Because when you said I had placed you and your family "in danger," I suggested you contact the police, to which you replied that you already had. I did not realize you meant you had contacted them about something that had nothing to do with me. So, I'll repeat, if I've put you and your family in danger, you better contact the police because to do otherwise would be highly irresponsible -- unless I haven't really put you or your family in danger at all.

Account Deleted

This has really got to stop. I too have grown real tired of it.


There are lots of "things" to be tired of in the local blogosphere. I too believe this "thing" qualifies. But what can you do other than not participate?


I'm with you, gents. But if someone were to write that some behavior of yours had been dangerous enough to cause him to file a police report, you might not want to let that stand without comment. You might want to take make sure the thread exposes the lie.

Andrew Brod

Actually, Roch, that's precisely what I'd let stand without comment.


In germane news, I ran into John Hammer this morning who told me that he spoke with Linda Shaw and Linda confirmed to him that Skip never touched her.


Apparently she also told Joe that and she was surprised to hear him claim otherwise.

Joe Killian

Obviously nothing I can say will really change anything.

I can't really be responsible for what sources tell other people or the conditions under which they have those conversations. I can only go with what's in my notes and the contents of conversations I have myself.

I don't see what motive I'd have for creating anything - much less anything so specific - from whole cloth. But I'll stand by my reporting for me and let others do the same.


"What, exactly, are you arguing? Or is this just argument for its own sake, because I can do that, too."

It's not about Killian. It's about events on this blog and on Guarino which facilitated a distinct threat directed toward me via email.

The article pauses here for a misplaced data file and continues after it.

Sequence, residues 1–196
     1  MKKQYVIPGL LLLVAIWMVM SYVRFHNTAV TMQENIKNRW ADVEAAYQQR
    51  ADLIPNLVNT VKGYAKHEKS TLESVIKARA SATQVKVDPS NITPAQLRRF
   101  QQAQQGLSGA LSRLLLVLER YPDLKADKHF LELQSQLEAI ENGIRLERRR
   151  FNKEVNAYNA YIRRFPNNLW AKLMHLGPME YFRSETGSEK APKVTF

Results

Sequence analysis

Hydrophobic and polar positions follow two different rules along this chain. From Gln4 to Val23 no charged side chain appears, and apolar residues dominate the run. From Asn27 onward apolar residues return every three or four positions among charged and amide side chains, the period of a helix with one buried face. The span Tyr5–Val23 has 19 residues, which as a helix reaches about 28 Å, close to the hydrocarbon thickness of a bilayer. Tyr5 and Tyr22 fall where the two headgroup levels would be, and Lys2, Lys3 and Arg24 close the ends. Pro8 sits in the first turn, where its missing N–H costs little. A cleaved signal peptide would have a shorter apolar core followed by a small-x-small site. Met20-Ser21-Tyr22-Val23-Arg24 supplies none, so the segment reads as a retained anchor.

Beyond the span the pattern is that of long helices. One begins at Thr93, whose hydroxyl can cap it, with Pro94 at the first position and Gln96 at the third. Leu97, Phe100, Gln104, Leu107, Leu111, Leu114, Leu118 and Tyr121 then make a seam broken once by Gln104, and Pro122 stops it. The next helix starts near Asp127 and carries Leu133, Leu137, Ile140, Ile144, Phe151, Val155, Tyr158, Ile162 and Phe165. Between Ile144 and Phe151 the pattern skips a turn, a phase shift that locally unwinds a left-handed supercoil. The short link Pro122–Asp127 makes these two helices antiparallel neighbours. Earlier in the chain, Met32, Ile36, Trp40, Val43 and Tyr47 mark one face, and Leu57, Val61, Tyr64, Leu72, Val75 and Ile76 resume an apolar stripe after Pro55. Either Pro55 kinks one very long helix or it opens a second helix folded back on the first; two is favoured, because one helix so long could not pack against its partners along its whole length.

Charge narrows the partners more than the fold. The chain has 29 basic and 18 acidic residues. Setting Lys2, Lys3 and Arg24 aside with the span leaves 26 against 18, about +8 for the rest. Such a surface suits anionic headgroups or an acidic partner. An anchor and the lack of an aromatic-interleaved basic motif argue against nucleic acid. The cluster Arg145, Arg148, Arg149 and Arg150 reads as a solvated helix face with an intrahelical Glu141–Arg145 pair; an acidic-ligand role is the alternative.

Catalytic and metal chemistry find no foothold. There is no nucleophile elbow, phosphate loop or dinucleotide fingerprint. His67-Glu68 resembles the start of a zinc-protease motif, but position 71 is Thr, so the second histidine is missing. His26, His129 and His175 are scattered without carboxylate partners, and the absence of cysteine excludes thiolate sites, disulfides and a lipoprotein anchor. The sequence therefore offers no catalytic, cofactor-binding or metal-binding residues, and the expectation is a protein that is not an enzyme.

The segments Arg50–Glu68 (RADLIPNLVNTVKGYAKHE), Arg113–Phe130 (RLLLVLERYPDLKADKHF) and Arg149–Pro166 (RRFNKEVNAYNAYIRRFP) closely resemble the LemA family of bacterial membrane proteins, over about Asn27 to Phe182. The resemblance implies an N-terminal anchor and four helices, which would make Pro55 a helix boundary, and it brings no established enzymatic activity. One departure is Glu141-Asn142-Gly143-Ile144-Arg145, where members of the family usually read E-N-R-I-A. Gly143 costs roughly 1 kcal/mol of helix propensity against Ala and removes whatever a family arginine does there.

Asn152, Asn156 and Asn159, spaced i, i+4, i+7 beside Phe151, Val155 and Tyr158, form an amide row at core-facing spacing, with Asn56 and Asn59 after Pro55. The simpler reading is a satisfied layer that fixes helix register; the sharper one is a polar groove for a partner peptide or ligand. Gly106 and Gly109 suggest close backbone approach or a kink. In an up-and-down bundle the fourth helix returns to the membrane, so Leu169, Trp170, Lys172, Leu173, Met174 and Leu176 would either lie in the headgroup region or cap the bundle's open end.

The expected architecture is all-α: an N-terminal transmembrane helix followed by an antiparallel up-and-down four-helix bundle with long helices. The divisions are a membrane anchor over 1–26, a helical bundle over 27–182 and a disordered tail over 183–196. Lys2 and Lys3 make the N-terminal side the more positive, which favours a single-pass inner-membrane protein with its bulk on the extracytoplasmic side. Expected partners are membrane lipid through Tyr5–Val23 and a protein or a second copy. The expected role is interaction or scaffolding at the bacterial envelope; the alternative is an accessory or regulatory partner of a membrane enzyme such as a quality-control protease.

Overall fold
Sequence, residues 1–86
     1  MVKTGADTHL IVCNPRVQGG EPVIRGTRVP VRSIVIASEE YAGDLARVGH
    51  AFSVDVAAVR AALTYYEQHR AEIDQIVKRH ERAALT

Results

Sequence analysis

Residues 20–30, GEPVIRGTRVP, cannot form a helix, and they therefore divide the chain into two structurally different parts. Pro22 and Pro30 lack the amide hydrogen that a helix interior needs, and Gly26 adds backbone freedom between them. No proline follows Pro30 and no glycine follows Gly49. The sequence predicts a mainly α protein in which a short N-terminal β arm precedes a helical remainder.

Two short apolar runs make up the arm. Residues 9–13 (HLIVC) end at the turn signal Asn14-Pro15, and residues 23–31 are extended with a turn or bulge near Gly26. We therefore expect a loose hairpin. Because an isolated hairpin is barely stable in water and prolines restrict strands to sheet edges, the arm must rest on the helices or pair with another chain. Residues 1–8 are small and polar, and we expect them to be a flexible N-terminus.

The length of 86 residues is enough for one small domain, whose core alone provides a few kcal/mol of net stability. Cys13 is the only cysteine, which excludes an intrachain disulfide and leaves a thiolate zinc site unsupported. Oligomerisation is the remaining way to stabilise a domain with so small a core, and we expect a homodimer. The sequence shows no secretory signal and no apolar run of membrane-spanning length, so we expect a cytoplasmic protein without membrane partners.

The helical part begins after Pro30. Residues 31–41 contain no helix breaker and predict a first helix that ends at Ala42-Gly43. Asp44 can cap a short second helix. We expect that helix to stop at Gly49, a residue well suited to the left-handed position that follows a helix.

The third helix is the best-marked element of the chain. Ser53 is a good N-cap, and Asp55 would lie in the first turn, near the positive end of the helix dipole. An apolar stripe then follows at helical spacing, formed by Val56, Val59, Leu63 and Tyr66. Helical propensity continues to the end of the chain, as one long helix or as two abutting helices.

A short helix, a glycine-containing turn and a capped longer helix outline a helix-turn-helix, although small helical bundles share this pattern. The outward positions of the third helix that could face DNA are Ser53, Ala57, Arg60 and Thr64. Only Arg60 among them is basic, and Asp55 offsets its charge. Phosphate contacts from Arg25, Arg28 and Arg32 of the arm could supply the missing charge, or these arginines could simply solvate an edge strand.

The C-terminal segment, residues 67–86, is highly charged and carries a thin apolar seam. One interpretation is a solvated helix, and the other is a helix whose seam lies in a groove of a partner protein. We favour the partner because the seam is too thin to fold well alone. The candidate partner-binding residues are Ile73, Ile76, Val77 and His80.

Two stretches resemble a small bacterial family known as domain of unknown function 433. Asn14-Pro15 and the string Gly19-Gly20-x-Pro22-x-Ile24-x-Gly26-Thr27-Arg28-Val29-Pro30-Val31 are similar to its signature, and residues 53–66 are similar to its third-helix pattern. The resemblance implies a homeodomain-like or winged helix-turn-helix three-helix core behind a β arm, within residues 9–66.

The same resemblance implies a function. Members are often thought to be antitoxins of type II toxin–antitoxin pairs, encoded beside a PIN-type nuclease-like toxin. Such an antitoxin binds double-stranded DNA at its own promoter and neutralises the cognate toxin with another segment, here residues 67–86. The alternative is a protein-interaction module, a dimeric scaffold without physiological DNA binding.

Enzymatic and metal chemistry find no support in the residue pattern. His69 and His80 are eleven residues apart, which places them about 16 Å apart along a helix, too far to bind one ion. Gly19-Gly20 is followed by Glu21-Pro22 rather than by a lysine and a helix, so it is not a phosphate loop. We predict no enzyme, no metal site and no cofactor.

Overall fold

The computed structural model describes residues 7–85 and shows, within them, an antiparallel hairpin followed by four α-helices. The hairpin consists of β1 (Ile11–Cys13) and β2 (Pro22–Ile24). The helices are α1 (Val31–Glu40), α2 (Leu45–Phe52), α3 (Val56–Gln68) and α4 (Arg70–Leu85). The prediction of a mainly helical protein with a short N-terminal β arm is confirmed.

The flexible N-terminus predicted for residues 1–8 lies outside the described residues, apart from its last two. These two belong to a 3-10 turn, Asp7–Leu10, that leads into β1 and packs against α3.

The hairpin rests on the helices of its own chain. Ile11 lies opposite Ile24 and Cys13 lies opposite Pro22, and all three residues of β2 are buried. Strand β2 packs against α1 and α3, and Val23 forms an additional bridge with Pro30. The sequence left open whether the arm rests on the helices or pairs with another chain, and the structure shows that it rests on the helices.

The GPD case number is 2009-1116-425, and further action is awaiting results of other proceedings.


Joe, I'm not attacking you. Just writing what I heard that is relevant to this thread. I assume Hammer will respond to this thread/issue on Thursday.

Ed Cone

Thanks for adding your comment of 6:41 PM, Sam, although your earlier comments were definitely part of the story.

This she said/she said thing is going to devolve into something murky.

The "pseudonym" thing, meanwhile, does not seem to have gained much traction, which I think speaks volumes.


ok Why is something from 2002 being brought up now?

Jerry Bledsoe

I sent you an email about this earlier this evening, explaining that I would link to it if I were not a Luddite. I'm sure you're doing what any normal person would be doing and enjoying your Friday evening. But I thought this was pertinent to this discussion, so I'm pasting it. This update now appears on the Rhino website.

"February 25, 2010
On Monday, Feb. 22, the News & Record incorrectly reported that during an argument on June 20, 2002, between Guilford County Commissioner Linda Shaw and Guilford County Commissioner Skip Alston, Alston had grabbed Shaw.

"On Feb. 25, I wrote a column correcting the error made by News & Record reporter Joe Wilbur, who writes under the alias Joe Killian.

"Wilbur is standing by his story, so I did some more checking to make sure I had not missed something.

"On Friday, Feb. 26, Shaw confirmed that in her argument with Alston on June 20, 2002, Alston never touched her and that when a Joe Wilbur from the News & Record called recently to check out a story he had written reporting that Alston had grabbed Shaw, she told him that Alston never grabbed her.

"Shaw said, "Skip never grabbed me and I told Joe that." She said that Wilbur told her that he had gotten the information for the story from court records and had not been able to get in touch with Alston to hear his version.

'Shaw said she did not know what was in the court records but that Alston did not grab her and that she never made an allegation that he did.

"City Councilmember Trudy Wade, who was a Guilford County Commissioner in June 2002, said she was standing between Shaw and Alston when Shaw threw the water. Wade said, "He never grabbed her. He wasn't close enough to touch Linda. I was basically standing between them and the water went right over my shoulder and hit Skip in the face."